TL;DR Parser combinators appear to me to be “combinators for LL(1) parsing”. That leaves all the work of converting a pile of regexps into a backtracking-free combinator-function-nest. And it isn’t at all clear that performance will be better.
I don’t really know. But I doubt it. Here’s why:
- the traditional divide between lexing and parsing concentrates the need for backtracking to deal with ambiguity into the lexer. There, it is dealt-with by precomputing the lexing automaton, so that at runtime, there is no backtracking.
- parser-combinators either just use backtracking, or require the user to do the work of converting a collection of regexps that are not LL(1) (in the sense that a single character of input does not suffice to choose which one to go with) into a parser-combinator-nest that is backtracking-free.
- A good example that I experienced recently was the Camlp5 “pa_lexer” syntax extension: it is designed to write lexers, but without backtracking and also without the lookahead-without-consuming capability of lex. It’s significantly more complicated to write a complex lexing specification in that language than in plain old lex.
- It isn’t clear that performance would be better with parser-combinators, but hey, maybe it would. I searched around for performance comparisons, and what I find are:
- comparisons for simple examples between combinators and other methods, but not regexps or lex
- after that, only comparisons between different combinator libraries.
- I’ve experimented [on a problem posed here by @rwmjones – it was a problem around parsing a syntax for expressing disk-contents] with solving a nontrivial parsing problem using Camlp5’s stream-parsers, and eventually realized that the fastest, fastest, FASTEST technique (which also was the simplest) was to build a big-ass regexp and hand that to pcre, let it do its magic. He started with a Perl script, and wanted something faster. When it turned out that almost all the work could be done in a big-ass regexp, it seemed pretty clear to me that while sure, OCaml was nice, if it were me, I’d just implement that regexp in Perl and take the win. B/c typically Perl is pretty fast at string-processing, esp. when most of the work is in regexps.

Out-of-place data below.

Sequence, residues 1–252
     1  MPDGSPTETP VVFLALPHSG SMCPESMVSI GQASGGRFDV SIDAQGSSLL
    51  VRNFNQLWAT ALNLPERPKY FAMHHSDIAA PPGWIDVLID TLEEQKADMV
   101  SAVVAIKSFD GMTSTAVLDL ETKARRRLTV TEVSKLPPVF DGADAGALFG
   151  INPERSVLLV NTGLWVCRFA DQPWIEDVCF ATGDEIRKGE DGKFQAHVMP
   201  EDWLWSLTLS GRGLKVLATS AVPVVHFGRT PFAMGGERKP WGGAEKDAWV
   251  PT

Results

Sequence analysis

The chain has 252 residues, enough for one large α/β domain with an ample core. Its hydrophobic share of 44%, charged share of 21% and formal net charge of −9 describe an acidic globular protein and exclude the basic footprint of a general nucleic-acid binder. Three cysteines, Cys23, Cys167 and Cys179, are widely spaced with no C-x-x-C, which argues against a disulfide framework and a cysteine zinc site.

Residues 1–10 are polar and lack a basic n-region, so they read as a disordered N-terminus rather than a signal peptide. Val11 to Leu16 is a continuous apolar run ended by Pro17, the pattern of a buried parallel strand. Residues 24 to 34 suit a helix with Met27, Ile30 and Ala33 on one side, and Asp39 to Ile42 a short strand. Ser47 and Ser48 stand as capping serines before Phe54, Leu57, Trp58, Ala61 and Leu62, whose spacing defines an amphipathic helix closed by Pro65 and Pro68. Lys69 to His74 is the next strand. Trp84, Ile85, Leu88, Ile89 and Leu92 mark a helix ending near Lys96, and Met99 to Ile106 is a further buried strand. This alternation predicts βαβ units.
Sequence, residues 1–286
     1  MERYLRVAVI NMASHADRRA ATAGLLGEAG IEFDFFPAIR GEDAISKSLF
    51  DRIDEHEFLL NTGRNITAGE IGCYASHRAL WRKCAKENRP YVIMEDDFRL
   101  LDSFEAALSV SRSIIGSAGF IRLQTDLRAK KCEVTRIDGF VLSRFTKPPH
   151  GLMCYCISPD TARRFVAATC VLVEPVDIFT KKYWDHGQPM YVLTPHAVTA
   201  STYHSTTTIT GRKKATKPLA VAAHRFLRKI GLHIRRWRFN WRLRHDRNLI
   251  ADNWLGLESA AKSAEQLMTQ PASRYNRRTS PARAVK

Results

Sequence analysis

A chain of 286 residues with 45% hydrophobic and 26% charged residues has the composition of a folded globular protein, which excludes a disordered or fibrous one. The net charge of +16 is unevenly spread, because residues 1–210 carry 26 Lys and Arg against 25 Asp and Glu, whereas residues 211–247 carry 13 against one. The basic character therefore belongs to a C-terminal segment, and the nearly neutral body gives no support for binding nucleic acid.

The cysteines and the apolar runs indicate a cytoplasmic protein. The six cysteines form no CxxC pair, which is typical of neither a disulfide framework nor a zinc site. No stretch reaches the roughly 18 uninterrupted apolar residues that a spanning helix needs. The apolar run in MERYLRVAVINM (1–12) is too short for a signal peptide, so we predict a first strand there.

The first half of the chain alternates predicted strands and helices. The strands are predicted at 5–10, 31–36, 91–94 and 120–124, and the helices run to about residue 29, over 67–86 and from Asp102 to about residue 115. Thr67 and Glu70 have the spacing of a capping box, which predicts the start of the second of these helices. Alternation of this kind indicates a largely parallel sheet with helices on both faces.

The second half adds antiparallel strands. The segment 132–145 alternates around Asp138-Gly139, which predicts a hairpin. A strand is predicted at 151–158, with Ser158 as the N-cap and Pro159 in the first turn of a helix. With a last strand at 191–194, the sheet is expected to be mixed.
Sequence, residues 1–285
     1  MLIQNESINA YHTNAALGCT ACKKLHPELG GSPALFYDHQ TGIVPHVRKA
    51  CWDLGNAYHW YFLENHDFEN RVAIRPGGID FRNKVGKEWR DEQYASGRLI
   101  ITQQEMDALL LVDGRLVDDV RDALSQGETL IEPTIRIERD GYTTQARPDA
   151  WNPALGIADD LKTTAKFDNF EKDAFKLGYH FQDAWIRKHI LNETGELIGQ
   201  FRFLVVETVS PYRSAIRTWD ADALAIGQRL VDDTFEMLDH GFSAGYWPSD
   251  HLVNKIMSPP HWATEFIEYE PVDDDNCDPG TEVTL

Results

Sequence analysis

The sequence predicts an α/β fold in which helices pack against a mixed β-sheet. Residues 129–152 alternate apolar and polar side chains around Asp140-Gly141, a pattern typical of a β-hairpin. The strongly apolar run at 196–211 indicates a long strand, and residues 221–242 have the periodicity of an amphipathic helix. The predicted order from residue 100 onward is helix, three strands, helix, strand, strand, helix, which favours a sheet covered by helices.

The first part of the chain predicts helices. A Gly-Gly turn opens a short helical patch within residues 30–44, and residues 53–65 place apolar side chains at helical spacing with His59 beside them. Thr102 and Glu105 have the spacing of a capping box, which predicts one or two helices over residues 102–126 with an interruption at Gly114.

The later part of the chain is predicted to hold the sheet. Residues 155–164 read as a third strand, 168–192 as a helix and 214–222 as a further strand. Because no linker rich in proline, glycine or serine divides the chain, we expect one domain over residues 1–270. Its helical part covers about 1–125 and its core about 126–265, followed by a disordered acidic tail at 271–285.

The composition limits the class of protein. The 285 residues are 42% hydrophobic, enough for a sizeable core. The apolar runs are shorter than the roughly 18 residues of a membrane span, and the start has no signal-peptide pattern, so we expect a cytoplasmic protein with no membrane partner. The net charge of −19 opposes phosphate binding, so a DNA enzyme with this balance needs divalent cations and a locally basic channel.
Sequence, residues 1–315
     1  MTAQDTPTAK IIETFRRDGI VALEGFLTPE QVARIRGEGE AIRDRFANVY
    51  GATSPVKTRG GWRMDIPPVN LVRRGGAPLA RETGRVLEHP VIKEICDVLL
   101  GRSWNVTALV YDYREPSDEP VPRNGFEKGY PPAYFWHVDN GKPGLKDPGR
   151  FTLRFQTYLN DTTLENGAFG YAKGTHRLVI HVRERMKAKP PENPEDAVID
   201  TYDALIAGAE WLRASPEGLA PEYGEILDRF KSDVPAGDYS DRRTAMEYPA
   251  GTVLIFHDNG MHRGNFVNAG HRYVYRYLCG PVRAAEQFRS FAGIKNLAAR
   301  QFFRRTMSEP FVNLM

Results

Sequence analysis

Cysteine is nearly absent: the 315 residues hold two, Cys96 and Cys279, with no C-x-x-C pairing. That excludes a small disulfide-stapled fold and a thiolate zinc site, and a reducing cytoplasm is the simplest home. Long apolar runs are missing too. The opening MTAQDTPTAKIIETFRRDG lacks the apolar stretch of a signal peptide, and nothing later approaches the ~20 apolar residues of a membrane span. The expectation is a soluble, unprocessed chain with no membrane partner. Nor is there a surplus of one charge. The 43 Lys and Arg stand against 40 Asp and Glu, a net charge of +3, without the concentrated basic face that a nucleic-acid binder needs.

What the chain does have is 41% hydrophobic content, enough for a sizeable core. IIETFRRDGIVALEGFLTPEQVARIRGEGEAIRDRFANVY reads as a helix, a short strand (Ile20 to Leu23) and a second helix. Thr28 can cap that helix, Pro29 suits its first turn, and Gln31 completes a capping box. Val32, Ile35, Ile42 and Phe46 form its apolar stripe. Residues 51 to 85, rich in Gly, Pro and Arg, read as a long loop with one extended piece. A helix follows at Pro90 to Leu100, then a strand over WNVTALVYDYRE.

It’s very difficult to assess whether parser combinators are suitable for actual “industrial strength” parsing, where that is defined as “the incumbent is C++ flex/bison”. Not to speak of more esoteric approaches in C/C++.
Overall, from what I can see, parser combinators are just recursive-descent parsing dressed-up in combinators. That’s not bad: I’m a gynormous fan of Camlp5’s stream parsers. But I wouldn’t use them for writing a lexer, b/c boy howdy, that’s unpleasant work compared to writing a pile of regexps and stepping back while the lex automaton algorithm does its work.
P.S. I hope it’s clear that I’m not saying parser-combinators aren’t useful. I use them (in the form of Camlp5 stream-parsers) all the time for parsing binary protocols, e.g. Java classfile format, CORBA IIOP, etc. A distinguishing feature of RPC protocols, is that they are all LL(1) languages at the character level. So parser-combinators (or Camlp5 sream parsers) are perfect.